Implementing the standards for a culturally humble approach to healthcare
Providers, hospitals, and health systems are increasingly taking note of the benefits of a culturally tailored approach.
The National Standards for Culturally and Linguistically Appropriate Services (CLAS) provides guidance for creating a more culturally humble approach in healthcare. This guide creates a roadmap that can help health organizations reduce healthcare disparities and improve overall quality. These steps are also gaining traction on a statewide level. In North Carolina, for example, the state has used CLAS tools to address cultural barriers that may impact quality of care. Programs to address health disparities such as diabetes rates have included faith-based organizations and tribal organizations.
Incremental yet promising advancements
As in any nascent field of study, the efficacy details are still being fine-tuned as researchers analyze which specific interventions and approaches have the most impact. In 2020, researchers combed through dozens of studies on culturally tailored interventions to gauge strengths and weaknesses, findings published in Nursing Open. Some challenges came from unclear guidelines and inadequate training for healthcare providers. Meanwhile, strengths included more culturally respectful and patient-centered care, increased family and community supports and increased participant knowledge of disease.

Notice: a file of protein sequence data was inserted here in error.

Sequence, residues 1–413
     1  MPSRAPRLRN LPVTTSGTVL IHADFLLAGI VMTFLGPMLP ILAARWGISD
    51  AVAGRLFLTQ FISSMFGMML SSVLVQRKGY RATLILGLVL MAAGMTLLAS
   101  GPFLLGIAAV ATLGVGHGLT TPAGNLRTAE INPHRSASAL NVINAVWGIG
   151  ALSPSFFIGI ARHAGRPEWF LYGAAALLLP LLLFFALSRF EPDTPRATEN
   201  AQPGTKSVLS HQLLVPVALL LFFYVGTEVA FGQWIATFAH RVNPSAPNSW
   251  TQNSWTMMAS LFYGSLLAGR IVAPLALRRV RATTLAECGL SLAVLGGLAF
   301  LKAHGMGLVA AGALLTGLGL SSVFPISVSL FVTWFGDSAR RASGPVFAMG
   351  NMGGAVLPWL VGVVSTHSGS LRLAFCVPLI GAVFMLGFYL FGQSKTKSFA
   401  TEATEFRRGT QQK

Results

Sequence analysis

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We still have much work to do in improving culturally sensitive approaches to care, and, more broadly, addressing health inequities. Expanding the use of cultural humility in healthcare – on both the individual and structural levels—is an important tool in achieving these health equity goals.
Learn more about the health equity consulting services RTI Health Advance offers by contacting a team member today.